Exploring the Donner Summit Train Tunnels

It was a sunny, crisp November day when we visited the train tunnels at Donner Summit in Truckee, California.

We parked at the dirt parking lot off of Donner Pass Road, across from the Donner Ski Ranch. From there, you can easily access the tunnels (I believe it’s Tunnel #6 where you begin, after crossing under Sugar Bowl Road.) and begin your adventure.

While the path through the tunnels is flat, it’s best to come prepared with sturdy walking shoes, as the terrain can be uneven and rocky in spots. Bringing a headlamp or a flashlight is also a good idea, some parts of the tunnels are incredibly dark. Once you enter these strikingly tall structures, you’ll be greeted by colorful graffiti (some more artistic then others) and eerie bits of light.

There may be puddles of water inside or there may be snow depending on the time of year you visit (Bring snowshoes if you go in the winter!).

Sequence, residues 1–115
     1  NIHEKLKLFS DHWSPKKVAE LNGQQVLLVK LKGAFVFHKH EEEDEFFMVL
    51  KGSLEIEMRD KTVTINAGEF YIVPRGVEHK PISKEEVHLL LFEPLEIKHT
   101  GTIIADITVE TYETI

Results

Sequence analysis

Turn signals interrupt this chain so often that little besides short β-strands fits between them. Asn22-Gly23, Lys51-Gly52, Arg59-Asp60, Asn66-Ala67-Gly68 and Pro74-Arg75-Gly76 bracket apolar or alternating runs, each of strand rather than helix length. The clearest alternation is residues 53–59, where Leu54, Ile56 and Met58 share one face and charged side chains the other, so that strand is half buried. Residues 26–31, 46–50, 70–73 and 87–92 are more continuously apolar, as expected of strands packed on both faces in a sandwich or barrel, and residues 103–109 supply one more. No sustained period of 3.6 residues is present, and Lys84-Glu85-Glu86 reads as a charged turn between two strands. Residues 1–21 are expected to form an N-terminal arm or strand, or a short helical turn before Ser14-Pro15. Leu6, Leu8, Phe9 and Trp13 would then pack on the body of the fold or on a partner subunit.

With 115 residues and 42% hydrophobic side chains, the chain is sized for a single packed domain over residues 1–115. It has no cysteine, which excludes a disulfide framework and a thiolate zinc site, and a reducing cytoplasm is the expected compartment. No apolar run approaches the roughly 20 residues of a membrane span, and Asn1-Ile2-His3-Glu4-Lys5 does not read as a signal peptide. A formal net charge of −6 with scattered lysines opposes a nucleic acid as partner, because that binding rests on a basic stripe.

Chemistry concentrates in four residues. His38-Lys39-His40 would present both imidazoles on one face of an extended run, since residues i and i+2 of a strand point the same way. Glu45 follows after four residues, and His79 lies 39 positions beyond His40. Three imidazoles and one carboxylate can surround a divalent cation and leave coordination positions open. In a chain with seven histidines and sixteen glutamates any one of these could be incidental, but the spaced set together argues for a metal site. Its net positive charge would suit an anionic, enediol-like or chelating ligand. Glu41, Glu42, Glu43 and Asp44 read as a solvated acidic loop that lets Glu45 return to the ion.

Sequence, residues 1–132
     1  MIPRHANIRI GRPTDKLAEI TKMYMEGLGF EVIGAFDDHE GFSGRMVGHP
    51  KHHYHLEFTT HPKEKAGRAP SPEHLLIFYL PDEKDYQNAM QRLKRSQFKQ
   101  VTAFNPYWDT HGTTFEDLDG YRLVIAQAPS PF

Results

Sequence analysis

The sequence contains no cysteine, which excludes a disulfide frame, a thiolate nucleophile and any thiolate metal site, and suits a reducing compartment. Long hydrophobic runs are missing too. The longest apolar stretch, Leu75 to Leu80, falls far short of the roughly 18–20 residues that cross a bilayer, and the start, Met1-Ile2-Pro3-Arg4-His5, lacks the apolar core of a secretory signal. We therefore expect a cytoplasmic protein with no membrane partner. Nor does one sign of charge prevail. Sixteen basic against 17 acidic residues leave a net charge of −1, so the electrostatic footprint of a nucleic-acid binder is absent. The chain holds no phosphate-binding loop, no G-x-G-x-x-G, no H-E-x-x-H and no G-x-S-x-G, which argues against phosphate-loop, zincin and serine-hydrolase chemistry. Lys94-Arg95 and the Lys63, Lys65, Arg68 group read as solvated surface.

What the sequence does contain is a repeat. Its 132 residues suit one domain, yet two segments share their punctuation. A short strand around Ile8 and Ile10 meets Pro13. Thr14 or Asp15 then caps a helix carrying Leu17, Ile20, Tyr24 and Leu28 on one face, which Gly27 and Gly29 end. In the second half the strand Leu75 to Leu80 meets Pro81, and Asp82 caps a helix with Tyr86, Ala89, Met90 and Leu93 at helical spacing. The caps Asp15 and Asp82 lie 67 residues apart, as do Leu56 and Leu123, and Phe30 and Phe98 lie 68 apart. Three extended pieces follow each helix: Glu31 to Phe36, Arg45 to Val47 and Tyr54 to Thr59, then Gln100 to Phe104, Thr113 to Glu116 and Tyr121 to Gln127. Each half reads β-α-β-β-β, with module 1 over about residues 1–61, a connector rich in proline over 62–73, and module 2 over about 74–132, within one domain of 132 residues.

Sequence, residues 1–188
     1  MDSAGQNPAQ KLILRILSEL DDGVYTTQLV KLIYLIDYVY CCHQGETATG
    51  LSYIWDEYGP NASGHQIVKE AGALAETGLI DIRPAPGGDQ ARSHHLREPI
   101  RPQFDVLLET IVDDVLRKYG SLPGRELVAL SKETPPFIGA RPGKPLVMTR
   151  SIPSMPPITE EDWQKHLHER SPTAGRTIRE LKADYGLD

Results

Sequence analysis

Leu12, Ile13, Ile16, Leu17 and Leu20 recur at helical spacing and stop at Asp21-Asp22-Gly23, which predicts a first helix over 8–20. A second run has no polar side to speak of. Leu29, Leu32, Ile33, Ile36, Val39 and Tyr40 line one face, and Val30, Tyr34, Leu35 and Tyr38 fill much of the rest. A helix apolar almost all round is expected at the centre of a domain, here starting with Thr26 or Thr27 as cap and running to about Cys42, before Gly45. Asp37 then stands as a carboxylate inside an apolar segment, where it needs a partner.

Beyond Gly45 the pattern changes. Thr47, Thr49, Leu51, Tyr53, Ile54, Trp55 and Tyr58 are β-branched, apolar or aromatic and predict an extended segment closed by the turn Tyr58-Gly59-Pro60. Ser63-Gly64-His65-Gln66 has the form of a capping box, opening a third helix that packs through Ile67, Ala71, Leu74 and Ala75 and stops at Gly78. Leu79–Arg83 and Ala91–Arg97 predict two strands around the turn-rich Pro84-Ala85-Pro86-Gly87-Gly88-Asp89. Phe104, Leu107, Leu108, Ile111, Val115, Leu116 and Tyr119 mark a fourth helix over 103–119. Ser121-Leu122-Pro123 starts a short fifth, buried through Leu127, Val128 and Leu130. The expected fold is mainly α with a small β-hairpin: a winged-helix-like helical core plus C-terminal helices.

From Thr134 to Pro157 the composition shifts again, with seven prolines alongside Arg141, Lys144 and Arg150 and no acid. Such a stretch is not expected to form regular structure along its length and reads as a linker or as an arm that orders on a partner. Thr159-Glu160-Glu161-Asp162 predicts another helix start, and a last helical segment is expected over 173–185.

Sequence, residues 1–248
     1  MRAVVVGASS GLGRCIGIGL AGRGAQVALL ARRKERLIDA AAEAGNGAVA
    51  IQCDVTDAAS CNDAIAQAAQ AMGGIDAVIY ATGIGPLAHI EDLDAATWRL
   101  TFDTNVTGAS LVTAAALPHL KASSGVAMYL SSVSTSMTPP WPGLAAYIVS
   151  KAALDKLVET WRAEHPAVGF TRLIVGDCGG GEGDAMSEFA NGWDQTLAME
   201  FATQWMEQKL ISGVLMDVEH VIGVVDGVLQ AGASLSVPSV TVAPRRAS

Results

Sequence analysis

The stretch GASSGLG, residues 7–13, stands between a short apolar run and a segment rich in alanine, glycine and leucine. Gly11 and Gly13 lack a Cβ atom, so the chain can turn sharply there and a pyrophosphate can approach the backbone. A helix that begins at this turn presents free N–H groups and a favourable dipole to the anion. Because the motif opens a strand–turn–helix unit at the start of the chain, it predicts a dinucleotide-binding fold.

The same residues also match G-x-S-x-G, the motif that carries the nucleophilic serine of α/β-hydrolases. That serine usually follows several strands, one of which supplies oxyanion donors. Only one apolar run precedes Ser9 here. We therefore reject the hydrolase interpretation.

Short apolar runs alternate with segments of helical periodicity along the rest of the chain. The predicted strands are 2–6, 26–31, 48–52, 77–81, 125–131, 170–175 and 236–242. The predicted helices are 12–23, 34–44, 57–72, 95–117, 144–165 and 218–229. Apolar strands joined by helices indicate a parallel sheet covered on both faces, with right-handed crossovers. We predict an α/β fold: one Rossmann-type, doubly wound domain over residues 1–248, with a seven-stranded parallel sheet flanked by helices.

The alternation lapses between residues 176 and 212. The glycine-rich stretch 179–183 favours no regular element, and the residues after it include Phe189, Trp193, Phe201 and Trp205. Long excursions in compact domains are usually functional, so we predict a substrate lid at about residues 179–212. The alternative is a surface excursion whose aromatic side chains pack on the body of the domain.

In between the tunnels, you’ll be rewarded with gorgeous views of Donner Summit and beyond, including Donner Lake.

Outside the Tunnels
Donner Lake
Outside Tunnel #8
Tunnel #8
Tunnel #8
Tunnel #8
Tunnel #8

This walk can be as long as you want to make it. Simply turn around and head back to the parking area when you’re ready. We walked about 1 1/2 miles in before we turned around.

Donner Summit Railroad Tunnels
Donner Summit Railroad Tunnels
Donner Summit Railroad Tunnels
Donner Summit Railroad Tunnels
Exploring the train tunnels is a fun and unique way to spend an afternoon.

The tunnels have a fascinating and tragic history. I’ve included a few links below if you’d like to know more about the tunnels and the surrounding area. The train tracks were removed from these particular tunnels after the last passenger train rolled through in 1993 (the first train was in 1868!). The trains still run through this area, just in a new tunnel a little further southeast.

Want more historical background on the tunnels? Here is the briefest bit of history on the construction of the railroad at Donner Summit, and here’s a link to the Donner Summit Historical Society. And here’s one more fun read.

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